The word “Rhythm” originated in the ancient Sanskrit language of India from the word Hridayam, which means Heart. The heartbeat is the original rhythm that is imprinted in our soul. From our earliest perceptions of sound and vibration we had our mother’s constant heartbeat with us… and the beating of our own heart began when we were only a few weeks old in our mother’s womb.
Rhythm has the power to connect us with both ourselves, as well as with our fellow human beings. It also connects us to our Great Mother, the earth. Drumming is grounding - it brings us into deeper alignment with the body, our roots and our connection to the physical earth. When we drum together, we move together, we vibrate together, we feel together, and in that togetherness is the potential for great joy, love and even states of bliss. We all yearn for that blissful love and connection, even if we’ve forgotten what’s been missing.
Drumming as a group - be it a group of 5, 10 or 50 - is a magnificent way to create real connection and rapport without ever having to say a word. Communication happens through making rhythm together - making music. It is automatically collaborative, intuitive, and empowering. Those that are normally shy and reserved or reluctant to speak, can find a different voice through the drum, while those that are normally compulsive talkers, can learn to listen, to harmonize with others and to share their space.
The facilitation of group drumming requires sensitivity and awareness to the group dynamic - to the personalities of the group. Just as a group therapist looks to create balance, by drawing out those that are holding back, and helping to contain those participants that are too loose and boundaryless, a drumming facilitator influences the group in much the same way. Even without necessarily singling out any particular person, the facilitator, through demonstration and the sharing of basic tips of etiquette, can encourage and empower those who are timid and self-conscious about being heard. The emphasis is never on strict technique or music theory or performance. The idea is spontaneity, natural and intuitive expression, and deep listening (not with the critical ear, but with the whole body). Teaching drumming in this context creates a feeling of safety, acceptance and comfort. By emphasizing the importance of listening, over the importance of being heard, an important lesson is experienced. Even the more aggressive, loud, and overbearing players, can begin to be more aware, more sensitive and more conscious. They can begin to understand that the connection they seek can only be experienced when they pay attention to hearing everyone in the circle and forget their own ego. This can be a profound lesson.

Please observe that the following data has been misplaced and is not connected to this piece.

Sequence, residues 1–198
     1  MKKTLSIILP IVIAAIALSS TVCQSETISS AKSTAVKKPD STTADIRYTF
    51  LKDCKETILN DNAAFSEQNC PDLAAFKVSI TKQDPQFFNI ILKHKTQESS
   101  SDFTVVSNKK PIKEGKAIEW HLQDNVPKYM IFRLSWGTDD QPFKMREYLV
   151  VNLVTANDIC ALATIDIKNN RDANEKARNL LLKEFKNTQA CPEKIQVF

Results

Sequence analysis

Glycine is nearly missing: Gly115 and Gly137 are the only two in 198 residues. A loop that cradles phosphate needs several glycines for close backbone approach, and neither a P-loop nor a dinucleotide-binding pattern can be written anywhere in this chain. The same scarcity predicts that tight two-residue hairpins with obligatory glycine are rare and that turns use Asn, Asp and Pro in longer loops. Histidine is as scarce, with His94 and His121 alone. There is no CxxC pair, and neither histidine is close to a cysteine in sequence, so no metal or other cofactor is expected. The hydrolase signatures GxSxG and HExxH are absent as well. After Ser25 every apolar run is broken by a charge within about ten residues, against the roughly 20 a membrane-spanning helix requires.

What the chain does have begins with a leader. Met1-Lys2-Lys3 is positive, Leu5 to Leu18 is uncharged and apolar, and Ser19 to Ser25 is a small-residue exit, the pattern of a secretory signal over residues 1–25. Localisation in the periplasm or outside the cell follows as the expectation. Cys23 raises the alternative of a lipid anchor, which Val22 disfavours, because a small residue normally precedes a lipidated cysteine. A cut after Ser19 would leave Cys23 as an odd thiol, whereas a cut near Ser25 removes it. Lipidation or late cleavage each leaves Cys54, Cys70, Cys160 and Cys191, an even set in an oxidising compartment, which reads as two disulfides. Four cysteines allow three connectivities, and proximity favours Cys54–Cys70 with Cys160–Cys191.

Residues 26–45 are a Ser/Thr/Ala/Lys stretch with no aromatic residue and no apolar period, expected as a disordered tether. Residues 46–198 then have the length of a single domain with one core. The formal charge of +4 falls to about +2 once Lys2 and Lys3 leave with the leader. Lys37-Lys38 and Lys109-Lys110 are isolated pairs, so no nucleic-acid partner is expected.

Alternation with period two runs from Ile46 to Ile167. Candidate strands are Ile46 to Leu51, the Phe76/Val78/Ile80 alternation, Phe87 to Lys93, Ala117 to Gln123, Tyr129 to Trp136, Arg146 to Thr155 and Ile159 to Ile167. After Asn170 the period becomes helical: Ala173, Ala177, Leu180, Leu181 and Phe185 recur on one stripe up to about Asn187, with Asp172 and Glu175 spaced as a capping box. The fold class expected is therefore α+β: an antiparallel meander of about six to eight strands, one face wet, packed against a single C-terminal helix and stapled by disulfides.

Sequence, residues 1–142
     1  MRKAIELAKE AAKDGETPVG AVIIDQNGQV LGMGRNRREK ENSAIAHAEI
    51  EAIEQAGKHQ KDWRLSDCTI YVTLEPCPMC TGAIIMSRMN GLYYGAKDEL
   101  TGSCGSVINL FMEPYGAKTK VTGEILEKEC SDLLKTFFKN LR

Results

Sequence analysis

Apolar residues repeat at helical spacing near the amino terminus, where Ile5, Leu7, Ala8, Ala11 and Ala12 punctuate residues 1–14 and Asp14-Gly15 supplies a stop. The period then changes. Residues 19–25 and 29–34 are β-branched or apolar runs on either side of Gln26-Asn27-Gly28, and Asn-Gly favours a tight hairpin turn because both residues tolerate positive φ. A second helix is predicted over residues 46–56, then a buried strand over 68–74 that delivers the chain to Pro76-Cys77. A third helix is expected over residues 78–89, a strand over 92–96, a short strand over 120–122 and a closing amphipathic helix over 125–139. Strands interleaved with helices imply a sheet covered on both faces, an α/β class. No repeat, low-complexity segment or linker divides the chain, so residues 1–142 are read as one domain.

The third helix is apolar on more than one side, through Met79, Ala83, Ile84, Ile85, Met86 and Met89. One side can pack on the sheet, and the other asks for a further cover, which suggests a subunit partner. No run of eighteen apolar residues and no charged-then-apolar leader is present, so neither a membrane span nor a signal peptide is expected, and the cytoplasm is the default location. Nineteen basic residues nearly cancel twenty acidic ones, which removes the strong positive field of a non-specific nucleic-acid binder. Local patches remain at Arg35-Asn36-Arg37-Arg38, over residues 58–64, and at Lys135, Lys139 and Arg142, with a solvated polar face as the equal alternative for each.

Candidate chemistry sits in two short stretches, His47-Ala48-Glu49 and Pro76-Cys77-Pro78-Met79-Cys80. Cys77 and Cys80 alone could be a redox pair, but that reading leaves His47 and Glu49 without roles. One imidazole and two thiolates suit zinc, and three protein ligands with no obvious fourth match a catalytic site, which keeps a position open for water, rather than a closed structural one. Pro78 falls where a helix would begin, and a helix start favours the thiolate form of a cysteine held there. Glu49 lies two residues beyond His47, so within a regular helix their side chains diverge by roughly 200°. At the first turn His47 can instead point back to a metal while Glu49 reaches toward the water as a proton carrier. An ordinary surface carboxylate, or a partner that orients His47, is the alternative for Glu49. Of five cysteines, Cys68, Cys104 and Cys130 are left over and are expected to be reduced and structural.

I can think of no person or population of people that cannot benefit from group drumming and the deep lessons, connection and healing that it offers. I have drummed in hospitals with cancer survivor’s groups, with women’s groups, with men’s groups, with adolescents in residential treatment centers for emotional disturbances, with school children with special needs and learning disabilities. I’ve drummed with kids that have Attention Deficit Disorder (ADD/ADHD).